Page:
By now, the problems that besieged the Trayvon Martin criminal case are well-known. The police mishandled existing evidence, and failed to collect the rest. They didn't make much of an effort to identify Trayvon before sending his body off to the morgue. At least one officer laughed while questioning the 7-11 clerk who rang up his purchase. When George Zimmerman was finally prosecuted, the prosecution probably overcharged, failed to prepare witnesses, and generally ran a terrible trial. Ultimately, a jury of six, who believed that "race did not play a role," acquitted Zimmerman of the charges.
All of this played out in a very public way, and many now see the case as a stark example of the law failing to provide justice. But months before the acquittal, deep in the shadows of the private law, the law offered Trayvon Martin's family a small consolation. Back in April, the homeowners association of the housing community where Trayvon was killed reached a settlement with his parents. Although the amount has not been publicly disclosed, wide-spread speculation suggests that it was for over $1m.
The media reported on the settlement when it occurred, but it registered as barely a blip in the coverage of the case then, and still forms almost no part of the larger conversation surrounding the trial. One article announcing the settlement opened with the phrase, "sometimes justice is meted out in stages," but the settlement hasn't resonated in this way at all. It is not just because the third-party settlement is on the periphery of the criminal trial: other legal activities happening on its fringes (like the possibility of a federal civil rights trial, or a civil suit against Zimmerman) receive much more attention, and seem to have the potential to change the narrative of the case and offer something resembling justice. In contrast, this third-party settlement has had next to no effect on the narrative of the case in general, and has done very little to assuage the sense of injustice that many feel. Why has this settlement failed to have any meaning in the narrative surrounding justice for Trayvon?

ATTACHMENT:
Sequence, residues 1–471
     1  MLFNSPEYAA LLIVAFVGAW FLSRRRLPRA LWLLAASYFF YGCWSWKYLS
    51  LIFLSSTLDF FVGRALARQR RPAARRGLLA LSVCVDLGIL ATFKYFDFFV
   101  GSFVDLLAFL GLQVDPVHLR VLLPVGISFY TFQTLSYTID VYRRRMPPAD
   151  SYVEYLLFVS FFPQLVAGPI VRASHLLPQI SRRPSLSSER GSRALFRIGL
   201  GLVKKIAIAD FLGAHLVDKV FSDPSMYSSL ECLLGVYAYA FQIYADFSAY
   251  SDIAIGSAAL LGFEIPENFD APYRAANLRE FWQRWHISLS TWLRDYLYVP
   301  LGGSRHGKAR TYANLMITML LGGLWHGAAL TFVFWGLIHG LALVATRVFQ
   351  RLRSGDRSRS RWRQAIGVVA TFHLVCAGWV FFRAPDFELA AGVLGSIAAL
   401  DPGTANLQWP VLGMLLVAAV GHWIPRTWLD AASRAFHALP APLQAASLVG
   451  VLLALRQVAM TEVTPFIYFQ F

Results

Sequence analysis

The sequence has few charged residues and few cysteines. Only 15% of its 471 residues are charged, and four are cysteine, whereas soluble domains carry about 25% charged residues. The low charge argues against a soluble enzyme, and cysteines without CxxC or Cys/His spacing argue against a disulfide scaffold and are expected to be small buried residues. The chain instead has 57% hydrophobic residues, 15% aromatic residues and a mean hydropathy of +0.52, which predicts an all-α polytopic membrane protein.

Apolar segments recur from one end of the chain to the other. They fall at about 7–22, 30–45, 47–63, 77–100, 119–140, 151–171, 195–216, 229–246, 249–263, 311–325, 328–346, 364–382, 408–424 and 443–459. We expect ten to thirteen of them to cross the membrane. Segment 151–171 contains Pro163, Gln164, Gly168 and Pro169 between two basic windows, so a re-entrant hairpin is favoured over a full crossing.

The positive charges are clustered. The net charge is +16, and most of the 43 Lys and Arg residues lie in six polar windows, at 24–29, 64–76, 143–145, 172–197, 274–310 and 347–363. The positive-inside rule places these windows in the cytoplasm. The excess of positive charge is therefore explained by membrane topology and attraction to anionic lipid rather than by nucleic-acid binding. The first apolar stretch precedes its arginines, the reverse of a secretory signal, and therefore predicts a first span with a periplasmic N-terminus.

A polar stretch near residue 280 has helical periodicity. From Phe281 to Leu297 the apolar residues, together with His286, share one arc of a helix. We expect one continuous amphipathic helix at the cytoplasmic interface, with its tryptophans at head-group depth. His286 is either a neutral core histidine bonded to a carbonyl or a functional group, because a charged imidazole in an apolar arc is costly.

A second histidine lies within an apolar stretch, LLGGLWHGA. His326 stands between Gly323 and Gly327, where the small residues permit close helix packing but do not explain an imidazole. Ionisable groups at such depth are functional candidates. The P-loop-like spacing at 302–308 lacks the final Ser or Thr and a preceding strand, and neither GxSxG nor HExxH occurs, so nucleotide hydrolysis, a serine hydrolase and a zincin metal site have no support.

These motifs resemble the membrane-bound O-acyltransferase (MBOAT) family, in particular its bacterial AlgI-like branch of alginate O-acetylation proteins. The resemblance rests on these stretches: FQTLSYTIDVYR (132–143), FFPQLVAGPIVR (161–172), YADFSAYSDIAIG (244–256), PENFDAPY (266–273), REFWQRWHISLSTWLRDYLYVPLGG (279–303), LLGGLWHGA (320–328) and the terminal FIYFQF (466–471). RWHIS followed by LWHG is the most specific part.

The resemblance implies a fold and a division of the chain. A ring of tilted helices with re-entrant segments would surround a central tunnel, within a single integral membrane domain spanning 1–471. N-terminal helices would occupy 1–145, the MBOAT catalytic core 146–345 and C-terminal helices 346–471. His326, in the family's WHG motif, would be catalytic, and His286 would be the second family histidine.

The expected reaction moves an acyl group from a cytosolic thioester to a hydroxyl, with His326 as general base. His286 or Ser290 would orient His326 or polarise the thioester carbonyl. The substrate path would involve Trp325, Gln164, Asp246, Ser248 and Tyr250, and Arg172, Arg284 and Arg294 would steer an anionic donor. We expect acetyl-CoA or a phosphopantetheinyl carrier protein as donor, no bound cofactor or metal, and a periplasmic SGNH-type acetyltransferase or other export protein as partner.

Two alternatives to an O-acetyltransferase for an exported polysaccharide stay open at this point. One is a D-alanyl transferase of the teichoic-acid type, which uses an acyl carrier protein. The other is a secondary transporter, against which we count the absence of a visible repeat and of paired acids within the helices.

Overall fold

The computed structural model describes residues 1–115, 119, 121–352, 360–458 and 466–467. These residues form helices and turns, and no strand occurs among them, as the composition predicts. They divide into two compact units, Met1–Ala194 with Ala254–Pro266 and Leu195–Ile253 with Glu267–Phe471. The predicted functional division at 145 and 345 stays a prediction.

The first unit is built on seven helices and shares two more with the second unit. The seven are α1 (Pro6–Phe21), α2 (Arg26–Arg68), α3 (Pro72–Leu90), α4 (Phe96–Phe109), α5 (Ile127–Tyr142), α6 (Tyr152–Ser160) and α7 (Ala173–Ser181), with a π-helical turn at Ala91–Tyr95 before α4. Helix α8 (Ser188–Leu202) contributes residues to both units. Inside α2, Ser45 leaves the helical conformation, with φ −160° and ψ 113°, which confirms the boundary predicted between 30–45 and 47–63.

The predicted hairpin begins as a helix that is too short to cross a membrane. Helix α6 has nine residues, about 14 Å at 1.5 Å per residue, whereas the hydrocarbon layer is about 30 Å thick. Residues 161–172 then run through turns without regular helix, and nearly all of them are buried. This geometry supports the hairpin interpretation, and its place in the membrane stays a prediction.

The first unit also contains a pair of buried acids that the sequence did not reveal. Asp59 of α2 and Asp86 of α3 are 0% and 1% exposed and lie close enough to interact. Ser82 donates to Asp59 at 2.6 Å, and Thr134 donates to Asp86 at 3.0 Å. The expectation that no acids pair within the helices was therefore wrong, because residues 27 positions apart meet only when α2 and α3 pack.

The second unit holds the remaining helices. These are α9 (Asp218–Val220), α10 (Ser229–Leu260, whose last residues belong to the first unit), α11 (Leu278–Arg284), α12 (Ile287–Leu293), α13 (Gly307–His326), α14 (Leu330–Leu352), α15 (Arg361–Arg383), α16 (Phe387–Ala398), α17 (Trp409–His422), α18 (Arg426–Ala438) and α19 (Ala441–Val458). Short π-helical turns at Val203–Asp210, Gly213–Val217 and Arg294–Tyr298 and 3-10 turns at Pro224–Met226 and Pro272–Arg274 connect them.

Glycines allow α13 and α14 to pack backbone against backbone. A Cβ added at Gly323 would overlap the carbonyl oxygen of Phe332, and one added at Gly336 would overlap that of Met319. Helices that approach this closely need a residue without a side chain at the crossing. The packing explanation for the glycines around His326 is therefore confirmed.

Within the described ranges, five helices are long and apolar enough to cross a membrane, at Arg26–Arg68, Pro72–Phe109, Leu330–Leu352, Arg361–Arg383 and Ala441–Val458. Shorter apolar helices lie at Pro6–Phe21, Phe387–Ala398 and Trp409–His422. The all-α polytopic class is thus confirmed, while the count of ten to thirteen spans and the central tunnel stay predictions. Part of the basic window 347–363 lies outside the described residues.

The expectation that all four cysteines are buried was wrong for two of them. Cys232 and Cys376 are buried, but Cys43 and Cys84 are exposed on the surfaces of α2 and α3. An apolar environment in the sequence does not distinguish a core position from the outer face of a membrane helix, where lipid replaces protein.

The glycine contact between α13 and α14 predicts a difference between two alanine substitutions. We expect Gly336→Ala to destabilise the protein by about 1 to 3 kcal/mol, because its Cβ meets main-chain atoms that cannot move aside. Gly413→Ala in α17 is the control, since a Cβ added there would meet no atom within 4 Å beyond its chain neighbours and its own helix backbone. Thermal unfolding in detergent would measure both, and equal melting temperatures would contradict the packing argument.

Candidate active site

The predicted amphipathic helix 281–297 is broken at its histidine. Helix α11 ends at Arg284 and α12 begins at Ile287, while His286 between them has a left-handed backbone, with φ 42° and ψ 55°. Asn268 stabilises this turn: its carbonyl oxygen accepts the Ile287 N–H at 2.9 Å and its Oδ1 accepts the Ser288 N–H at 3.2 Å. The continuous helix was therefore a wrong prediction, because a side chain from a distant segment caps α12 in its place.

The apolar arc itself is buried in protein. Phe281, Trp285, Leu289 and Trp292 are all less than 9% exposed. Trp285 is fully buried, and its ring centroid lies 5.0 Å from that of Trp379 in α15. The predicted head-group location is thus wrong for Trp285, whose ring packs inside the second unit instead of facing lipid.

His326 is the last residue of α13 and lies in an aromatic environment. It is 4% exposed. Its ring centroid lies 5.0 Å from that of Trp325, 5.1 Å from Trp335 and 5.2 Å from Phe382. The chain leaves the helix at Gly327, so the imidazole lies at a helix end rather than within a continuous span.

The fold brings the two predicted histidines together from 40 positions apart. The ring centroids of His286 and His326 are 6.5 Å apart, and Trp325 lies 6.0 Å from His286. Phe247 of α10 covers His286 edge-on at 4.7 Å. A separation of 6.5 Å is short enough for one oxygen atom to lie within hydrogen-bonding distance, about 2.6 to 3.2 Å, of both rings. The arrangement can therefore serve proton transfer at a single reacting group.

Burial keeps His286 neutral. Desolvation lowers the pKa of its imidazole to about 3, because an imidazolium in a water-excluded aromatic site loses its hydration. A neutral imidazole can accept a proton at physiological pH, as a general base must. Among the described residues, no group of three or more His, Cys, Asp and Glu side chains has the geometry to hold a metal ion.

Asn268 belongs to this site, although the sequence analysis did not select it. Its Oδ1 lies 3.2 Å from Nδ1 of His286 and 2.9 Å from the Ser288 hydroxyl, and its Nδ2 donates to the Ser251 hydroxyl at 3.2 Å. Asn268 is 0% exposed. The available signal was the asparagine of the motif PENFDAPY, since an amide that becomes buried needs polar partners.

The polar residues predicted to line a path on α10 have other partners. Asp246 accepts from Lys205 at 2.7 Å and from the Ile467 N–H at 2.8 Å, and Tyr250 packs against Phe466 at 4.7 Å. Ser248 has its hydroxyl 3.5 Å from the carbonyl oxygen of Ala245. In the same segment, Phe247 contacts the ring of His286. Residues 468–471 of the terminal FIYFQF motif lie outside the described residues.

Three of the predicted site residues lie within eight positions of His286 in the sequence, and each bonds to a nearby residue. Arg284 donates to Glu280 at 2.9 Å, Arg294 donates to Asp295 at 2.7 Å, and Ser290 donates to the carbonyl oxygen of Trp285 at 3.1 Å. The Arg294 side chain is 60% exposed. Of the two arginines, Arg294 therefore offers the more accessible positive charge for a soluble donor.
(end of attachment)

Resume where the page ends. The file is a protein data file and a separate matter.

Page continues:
At least two features of the settlement are likely preventing it from being understood as a form of justice here. First, the settlement is private in every sense of the word. It doesn't feel meaningful to the public because we simply don't know enough about it. As is typical with private law settlements, its terms are confidential. We know that there was no admission of liability, and that payment was made in "consideration for avoiding litigation, the uncertainties stemming from litigation as well as to protect and secure the good name and good will of the released parties." We have very little additional information. It's not even clear who is actually on the hook to pay the monies: the only known insurers, Travelers Casualty and Surety Co. of America, issued a statement indicating that they were "not a party to the settlement," and that it "would have been with other insurers of the homeowners association and/or the property managers."
It's also unclear what role the association played in the circumstances leading to Trayvon's death, or what the basis for liability may have been. This is the second problematic feature: without these facts, whatever the association did or didn't do as the third-party feels quite removed from the primary wrong. The feeling is that Zimmerman should be held to account, and an association with a possibly minor role in the shooting is a poor substitute.
However, as suggested by the growing body of litigation against third-parties who facilitate or fail to prevent crimes, third-parties can play significant roles in criminal happenings. In this instance, the homeowners association could have "failed to properly train and/or supervise" Zimmerman. It may have endorsed and encouraged Zimmerman to function as a de facto police officer instead of a mere neighborhood watch participant. And the association may have expressed approval of following "suspicious" persons in the past.
When one thinks about how the association could have contributed to the circumstances that led to Trayvon's death, it becomes apparent that third-parties could also be an important site for positive future change. Some homeowners association websites have written about the settlement, and offered guidelines on how associations can discourage vigilantism. So although this kind of settlement is obviously not perfect justice, and compensation does not have nearly the expressive power of a criminal verdict, the settlement may impact the conduct of other associations, and help prevent a similar tragedy from happening in the future.